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Books: by Title: Lutherans in Western New York
During the construction of the Erie Canal in the early 1820s, the population of Western New York increased 145 percent. Many of these pioneers were European immigrants, with a high concentration hailing from the German-speaking states. These immigrants brought their Lutheran ideals and continued to practice the religion in their new homeland.
By 1827, the first official Lutheran church in Erie County had been incorporated as the German Reformed Church, known today as St. Paul’s Lutheran Church in Eggertsville. Soon after, the need for mission churches arose, and by the mid-1800s, Lutheran congregations had been established in several Western New York suburbs.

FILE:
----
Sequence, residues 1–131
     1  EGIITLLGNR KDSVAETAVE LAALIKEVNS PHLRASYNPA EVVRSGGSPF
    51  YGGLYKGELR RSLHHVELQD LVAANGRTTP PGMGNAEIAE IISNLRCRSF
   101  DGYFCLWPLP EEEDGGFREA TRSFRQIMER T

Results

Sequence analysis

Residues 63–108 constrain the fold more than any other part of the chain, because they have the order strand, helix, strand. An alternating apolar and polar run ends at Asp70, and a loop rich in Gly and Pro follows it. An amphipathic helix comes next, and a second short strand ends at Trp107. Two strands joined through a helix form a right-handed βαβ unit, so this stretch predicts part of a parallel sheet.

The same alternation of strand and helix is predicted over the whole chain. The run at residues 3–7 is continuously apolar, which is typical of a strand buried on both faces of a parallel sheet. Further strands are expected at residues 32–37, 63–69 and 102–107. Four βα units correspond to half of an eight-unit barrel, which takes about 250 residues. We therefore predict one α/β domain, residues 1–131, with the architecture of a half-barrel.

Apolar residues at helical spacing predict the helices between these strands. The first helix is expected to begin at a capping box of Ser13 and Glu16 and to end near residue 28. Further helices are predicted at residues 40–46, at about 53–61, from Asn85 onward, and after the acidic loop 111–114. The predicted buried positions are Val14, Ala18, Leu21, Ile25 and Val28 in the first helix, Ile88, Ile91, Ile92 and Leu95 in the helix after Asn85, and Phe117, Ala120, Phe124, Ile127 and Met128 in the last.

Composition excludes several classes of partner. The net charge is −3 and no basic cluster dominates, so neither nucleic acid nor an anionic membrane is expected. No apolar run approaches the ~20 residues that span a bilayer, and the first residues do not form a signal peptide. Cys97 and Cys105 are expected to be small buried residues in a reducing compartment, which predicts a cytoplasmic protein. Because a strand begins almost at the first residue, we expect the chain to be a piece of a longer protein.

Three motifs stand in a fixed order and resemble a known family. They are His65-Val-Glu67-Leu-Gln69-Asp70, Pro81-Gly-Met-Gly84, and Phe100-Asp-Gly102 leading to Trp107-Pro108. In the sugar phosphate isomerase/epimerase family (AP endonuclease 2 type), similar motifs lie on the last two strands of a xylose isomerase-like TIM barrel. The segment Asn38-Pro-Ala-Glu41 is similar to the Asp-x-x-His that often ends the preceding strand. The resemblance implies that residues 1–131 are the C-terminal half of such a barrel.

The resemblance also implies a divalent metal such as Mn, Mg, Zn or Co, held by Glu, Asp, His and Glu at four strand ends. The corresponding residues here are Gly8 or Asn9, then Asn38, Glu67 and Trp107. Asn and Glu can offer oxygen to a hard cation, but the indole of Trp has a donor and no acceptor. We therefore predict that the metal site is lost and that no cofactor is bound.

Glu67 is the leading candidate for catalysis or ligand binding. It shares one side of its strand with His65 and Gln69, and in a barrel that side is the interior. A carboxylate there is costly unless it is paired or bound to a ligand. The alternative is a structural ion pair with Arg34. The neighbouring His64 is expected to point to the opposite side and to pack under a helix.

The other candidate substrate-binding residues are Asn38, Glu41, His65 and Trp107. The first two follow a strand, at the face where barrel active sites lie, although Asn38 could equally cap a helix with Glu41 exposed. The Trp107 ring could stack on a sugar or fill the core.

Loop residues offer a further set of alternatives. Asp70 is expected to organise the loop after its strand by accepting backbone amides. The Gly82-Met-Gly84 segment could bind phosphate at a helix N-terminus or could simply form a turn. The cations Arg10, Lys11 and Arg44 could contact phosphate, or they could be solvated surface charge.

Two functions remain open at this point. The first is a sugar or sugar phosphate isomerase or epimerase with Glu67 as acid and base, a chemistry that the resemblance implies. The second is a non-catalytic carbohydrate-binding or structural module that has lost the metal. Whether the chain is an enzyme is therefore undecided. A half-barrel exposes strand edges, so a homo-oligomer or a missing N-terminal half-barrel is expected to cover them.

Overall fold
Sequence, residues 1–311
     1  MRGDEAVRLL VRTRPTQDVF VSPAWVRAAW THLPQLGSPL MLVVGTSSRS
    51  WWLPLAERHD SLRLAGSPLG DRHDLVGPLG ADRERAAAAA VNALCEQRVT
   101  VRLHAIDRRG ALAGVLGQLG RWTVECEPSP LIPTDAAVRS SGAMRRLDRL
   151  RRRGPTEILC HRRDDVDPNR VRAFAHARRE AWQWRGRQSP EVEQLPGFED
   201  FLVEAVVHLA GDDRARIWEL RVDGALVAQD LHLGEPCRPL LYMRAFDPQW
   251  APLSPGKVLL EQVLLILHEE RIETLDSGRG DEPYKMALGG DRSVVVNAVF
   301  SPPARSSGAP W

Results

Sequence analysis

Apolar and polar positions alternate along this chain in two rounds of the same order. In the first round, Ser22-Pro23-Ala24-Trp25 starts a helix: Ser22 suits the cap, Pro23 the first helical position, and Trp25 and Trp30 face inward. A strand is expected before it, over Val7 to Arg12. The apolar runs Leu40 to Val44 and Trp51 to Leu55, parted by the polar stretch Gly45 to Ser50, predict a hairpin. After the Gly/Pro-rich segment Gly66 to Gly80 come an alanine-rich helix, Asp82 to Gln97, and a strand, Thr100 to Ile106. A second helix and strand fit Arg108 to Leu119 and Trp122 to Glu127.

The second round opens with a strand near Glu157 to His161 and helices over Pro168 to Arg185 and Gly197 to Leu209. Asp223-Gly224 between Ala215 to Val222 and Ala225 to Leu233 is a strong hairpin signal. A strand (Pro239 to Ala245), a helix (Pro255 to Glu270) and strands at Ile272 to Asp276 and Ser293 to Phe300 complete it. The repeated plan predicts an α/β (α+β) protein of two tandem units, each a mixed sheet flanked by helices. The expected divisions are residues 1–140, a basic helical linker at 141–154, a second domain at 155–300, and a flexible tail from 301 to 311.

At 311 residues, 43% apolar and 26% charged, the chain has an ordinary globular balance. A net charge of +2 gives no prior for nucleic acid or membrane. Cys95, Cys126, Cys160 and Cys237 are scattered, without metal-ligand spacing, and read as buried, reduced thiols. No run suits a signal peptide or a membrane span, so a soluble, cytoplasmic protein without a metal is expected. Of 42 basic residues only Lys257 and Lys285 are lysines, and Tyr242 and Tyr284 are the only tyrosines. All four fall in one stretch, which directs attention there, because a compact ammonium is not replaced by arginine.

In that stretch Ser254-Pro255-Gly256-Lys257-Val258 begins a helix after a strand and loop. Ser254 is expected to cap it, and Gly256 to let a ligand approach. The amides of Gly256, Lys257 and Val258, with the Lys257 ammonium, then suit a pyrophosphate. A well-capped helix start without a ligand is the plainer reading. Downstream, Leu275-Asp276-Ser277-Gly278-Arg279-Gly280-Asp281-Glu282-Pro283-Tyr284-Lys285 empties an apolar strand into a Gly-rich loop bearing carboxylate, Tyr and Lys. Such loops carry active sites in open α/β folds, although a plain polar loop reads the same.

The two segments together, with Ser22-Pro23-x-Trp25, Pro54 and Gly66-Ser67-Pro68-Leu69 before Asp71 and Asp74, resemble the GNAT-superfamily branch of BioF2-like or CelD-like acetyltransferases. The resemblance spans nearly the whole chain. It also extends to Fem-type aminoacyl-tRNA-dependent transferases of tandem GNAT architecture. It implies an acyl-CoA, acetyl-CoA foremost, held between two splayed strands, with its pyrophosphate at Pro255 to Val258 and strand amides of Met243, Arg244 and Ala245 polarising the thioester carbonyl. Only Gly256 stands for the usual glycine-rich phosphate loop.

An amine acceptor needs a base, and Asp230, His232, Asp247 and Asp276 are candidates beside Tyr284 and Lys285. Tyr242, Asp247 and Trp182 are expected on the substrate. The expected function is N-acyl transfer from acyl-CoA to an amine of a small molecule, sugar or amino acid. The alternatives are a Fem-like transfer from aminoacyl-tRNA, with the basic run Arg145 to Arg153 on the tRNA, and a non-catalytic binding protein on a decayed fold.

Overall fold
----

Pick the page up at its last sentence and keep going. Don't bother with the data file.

During the following century, the Lutherans in Western New York would undergo growth and change. While all congregations eventually abandoned German as their primary language, many struggled to further separate from their German roots during the Nazi regime. Today, there are nearly 200 Lutheran congregations in New York.
For this work, local history author Julianna Fiddler-Woite and Rev. Jamie Retallack selected a cross section of images from Lutheran congregations in Western New York. What emerged is a visual journey through two centuries of faith and fellowship in the Lutheran community.
128 pages, 210 black and white images
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